At the start of winter quarter, the class, which focuses on AR and VR experiences, was and continues to be held via the VIVE Sync platform. McEwan is able to conduct class in a similar way to how it would be in person – from uploading and displaying PDFs to using the screen as a lesson board, she’s able to encourage social interaction among her students, another important element of her course. McEwan added, “Given the focus area of my course, I’m thrilled to be using VIVE Sync and know my students will benefit from learning about VR while using the technology during class.”
McEwan will be collecting feedback from her students at the end of her course and is also looking to teach a graduate seminar using VIVE Sync.
VR continues to solidify its role in medical training, which is even more important now for medical students, residents, and fellows in training as work hours and hands-on experiences are restricted. With most surgical training courses going virtual this year due to COVID-19, one group of academic physicians pushed the limits of the latest technology. The Boston-based International Bootcamp on Endoscopic and Exoscopic Ear Surgery was held for Otolaryngologists (Ear, Nose, and Throat doctors). The event was hosted by course directors Dr. Michael Cohen, Dr. Daniel Lee, and Dr. Alicia Quesnel. Dr. Samuel Barber, a resident physician at the University of Arizona College of Medicine’s Department of Otolaryngology, collaborated with the course directors to develop a special VR segment of the course for live streamed endoscopic surgical dissection sessions. Participants gathered together in an immersive environment where they could interact, all while watching the same live surgical instruction video on a massive virtual display.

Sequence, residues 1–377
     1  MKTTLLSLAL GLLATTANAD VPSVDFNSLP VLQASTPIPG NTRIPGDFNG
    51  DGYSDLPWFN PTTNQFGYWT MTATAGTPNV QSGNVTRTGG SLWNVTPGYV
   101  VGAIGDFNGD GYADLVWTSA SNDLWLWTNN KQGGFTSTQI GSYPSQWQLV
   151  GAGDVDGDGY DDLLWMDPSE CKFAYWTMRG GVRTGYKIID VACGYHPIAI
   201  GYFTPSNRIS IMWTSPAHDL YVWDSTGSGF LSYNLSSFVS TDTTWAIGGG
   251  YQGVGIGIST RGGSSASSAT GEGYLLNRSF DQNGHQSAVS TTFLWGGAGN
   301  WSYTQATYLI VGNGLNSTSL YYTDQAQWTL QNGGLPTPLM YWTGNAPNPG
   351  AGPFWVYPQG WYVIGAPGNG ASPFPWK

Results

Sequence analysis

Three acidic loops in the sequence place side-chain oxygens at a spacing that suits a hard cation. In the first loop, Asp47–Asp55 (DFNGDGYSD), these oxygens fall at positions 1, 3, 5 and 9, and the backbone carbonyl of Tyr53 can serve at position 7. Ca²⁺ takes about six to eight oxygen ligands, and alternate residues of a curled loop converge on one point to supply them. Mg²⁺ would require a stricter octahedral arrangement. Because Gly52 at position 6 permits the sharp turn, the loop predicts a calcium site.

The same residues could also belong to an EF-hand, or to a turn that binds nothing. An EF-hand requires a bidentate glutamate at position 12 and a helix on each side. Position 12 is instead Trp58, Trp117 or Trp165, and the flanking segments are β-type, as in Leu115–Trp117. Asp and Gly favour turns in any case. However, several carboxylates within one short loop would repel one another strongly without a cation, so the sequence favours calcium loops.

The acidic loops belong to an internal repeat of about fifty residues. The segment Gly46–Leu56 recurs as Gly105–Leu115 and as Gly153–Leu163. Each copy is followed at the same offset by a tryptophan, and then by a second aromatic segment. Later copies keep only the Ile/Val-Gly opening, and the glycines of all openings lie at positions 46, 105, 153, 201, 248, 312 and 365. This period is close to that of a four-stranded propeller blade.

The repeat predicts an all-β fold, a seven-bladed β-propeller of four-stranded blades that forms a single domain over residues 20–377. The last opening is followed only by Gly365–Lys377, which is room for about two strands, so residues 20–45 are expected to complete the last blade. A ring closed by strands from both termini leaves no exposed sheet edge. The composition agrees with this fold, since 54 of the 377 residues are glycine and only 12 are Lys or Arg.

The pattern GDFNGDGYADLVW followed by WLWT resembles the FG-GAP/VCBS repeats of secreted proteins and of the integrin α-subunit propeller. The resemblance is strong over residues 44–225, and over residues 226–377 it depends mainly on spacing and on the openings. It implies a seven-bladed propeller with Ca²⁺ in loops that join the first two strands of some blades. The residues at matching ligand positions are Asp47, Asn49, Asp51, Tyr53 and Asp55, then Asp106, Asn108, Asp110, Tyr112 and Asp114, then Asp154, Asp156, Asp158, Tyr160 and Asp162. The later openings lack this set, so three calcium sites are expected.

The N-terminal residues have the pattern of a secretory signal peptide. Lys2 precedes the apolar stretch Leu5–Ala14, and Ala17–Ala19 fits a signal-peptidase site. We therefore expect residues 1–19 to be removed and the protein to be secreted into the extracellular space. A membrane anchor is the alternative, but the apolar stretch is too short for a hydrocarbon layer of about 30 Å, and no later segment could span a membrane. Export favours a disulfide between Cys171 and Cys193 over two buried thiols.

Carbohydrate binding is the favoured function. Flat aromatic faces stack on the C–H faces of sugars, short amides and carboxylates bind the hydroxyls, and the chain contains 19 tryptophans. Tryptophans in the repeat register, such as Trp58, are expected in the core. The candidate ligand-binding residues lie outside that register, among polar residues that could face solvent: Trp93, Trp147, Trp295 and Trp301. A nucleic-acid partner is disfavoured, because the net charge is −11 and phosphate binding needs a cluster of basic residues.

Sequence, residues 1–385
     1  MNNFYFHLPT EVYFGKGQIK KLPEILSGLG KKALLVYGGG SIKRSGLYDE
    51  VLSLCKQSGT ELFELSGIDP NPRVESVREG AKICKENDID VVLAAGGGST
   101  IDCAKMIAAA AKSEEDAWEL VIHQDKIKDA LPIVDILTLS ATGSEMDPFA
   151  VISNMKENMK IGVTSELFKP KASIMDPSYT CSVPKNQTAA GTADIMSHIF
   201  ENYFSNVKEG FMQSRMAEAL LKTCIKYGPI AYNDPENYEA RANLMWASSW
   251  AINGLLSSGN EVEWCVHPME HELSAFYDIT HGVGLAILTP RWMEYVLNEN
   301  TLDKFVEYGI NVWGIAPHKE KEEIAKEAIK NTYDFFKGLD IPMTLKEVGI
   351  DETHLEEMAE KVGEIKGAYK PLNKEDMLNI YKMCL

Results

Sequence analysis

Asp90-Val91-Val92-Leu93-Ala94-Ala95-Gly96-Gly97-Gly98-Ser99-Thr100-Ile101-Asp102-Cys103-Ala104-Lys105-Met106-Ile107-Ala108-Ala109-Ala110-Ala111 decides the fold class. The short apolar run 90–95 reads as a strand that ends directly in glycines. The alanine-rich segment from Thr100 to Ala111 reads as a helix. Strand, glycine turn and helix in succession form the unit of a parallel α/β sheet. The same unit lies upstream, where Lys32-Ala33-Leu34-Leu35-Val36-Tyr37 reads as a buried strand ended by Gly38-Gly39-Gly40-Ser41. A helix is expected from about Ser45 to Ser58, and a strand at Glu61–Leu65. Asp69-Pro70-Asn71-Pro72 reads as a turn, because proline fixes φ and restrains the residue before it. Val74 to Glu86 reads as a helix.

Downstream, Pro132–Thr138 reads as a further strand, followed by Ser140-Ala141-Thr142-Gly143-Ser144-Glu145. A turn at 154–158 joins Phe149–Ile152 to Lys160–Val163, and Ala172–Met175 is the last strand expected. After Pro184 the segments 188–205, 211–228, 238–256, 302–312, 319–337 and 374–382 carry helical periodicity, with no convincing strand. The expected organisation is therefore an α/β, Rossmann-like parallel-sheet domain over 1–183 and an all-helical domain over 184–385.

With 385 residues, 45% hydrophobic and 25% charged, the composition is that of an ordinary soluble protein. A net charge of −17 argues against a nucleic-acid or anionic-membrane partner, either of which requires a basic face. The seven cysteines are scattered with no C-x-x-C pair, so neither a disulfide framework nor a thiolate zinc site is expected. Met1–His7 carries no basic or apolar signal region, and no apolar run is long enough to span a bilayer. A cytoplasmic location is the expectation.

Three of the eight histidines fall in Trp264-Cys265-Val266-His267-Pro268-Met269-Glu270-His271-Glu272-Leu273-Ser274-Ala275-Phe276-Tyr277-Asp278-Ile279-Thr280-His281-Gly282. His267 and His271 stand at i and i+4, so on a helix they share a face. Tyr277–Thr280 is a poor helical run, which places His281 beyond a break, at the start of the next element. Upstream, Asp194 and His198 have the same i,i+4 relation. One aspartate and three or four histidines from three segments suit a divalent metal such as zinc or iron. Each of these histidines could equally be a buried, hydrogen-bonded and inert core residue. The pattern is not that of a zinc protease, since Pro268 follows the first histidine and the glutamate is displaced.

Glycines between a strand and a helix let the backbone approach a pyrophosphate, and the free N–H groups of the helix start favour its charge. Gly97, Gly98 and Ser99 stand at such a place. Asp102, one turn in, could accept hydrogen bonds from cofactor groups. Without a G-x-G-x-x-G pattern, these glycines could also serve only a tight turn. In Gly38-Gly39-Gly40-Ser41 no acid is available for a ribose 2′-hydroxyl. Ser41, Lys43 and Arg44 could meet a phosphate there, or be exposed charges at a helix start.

With VIVE Sync’s 3D asset support, Dr. Barber and his team developed large 3D models of middle ear anatomy, allowing participants to point out critical structures during the lesson, as well as better understand the relationships between anatomic structures in the ear, which otherwise are difficult to comprehend from traditional textbooks and 2D videos. Dr. Barber mentioned, “The 3D model feature within Sync is what sets it apart from other VR platforms. For medical and surgical instruction, the ability for students to visualize and pinpoint the detailed structures within the ear is incredibly helpful and more useful than referencing from textbooks and other materials.”
The surgical course was held on November 14, and Dr. Barber already anticipates that adjunct lessons conducted in VR will likely continue post-COVID in medical education due to its numerous benefits for both students and practicing physicians.
We look forward to seeing how our education partners continue to leverage VIVE Sync and integrate VR as part of their ongoing coursework to enhance remote learning. For more information on VIVE Sync, please visit: https://sync.vive.com/login